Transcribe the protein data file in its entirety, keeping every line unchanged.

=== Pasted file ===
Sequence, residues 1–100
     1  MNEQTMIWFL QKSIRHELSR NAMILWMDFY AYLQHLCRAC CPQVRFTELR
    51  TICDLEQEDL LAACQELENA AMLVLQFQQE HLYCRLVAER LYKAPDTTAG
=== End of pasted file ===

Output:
Sequence, residues 1–100
     1  MNEQTMIWFL QKSIRHELSR NAMILWMDFY AYLQHLCRAC CPQVRFTELR
    51  TICDLEQEDL LAACQELENA AMLVLQFQQE HLYCRLVAER LYKAPDTTAG